The best black wood finish you can have is a natural finish on a project made of ebony. Since ebony is very expensive and quite difficult to machine, the next best solution is a process called "ebonizing," or creating an ebony-type finish for your project. Black walnut, a species of wood that resembles ebony, is your best choice for creating black wood finishes, as it is quite dark and takes a stain very well.
Sand your project with progressively finer grades of sandpaper. Start with 80-grit if necessary, then 100-grit, then 120-grit, until you reach 150-grit. Each grade of paper should remove all of the scratches left by the previous grade. Since the wood is going to be stained rather than painted, be sure there are no cross-grain scratches. Do not polish the wood with a grit finer than 150 or it may not absorb the stain evenly.
Wet the entire project with water, then allow it to dry completely. This procedure will raise the grain of the wood. The grain must be raised and sanded again because you will be using a water-based stain for ebonizing.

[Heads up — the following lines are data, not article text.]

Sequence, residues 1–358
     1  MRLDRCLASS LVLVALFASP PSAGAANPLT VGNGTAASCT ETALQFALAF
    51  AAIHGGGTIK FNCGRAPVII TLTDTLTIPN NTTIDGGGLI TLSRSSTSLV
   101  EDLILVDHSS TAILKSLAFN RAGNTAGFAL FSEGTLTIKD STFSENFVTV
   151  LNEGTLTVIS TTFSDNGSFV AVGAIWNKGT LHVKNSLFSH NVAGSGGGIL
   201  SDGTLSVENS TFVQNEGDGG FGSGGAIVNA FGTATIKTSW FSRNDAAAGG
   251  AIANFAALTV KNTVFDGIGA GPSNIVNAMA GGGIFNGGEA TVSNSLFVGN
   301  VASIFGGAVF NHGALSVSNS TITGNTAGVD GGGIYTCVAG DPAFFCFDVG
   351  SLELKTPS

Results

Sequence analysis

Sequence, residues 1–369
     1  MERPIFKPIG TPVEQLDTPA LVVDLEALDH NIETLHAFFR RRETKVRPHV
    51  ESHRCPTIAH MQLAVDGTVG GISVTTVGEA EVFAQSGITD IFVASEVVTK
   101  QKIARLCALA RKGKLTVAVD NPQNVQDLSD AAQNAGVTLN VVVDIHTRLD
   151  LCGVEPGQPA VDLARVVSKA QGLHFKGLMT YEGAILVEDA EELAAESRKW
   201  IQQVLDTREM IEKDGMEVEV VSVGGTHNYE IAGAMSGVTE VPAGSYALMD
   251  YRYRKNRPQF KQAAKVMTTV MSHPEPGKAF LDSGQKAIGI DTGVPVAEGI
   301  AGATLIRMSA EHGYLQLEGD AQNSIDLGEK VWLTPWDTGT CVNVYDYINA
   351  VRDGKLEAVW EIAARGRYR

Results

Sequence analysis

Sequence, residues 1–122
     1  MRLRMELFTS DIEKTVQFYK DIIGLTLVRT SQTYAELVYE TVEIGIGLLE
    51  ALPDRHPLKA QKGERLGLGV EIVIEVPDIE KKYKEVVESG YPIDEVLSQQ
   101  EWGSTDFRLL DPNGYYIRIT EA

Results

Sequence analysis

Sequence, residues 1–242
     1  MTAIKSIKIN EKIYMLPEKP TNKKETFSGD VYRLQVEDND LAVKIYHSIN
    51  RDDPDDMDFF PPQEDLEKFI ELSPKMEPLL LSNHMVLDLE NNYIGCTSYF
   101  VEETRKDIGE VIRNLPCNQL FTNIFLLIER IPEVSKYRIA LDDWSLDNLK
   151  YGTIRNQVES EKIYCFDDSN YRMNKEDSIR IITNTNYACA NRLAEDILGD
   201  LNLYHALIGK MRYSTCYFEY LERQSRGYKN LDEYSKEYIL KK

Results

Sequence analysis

Sand the item once again using the 150-grit sandpaper. When the item becomes wet again with the stain, the grain will not raise.
Stain the wood with India ink. Use a soft paintbrush rather than a rag. Do not rub the stain off as you would with an oil-based stain. Allow the ink to dry overnight.
Apply a sealer coat of clear finish. This can be the first coat of the same material that you will use for your final finish, or it can be one that is designed to be a sealer.
Rub out the sealer with 220-grit (or finer) finishing sandpaper until the finish is dull and it feels smooth to the touch. Be careful not to sand through the sealer on the edges and corners.
Apply your final clear finish as instructed by the product's manufacturer.
About this Author
Gene Tencza has worked in the furniture industry all his life. Tencza has always been a chronic home handyman, mechanic and "Jack of all trades". He has been writing professionally for eHow.com since May of 2009. Tencza has a Bachelor of Science in industrial education from Central Conneticut State University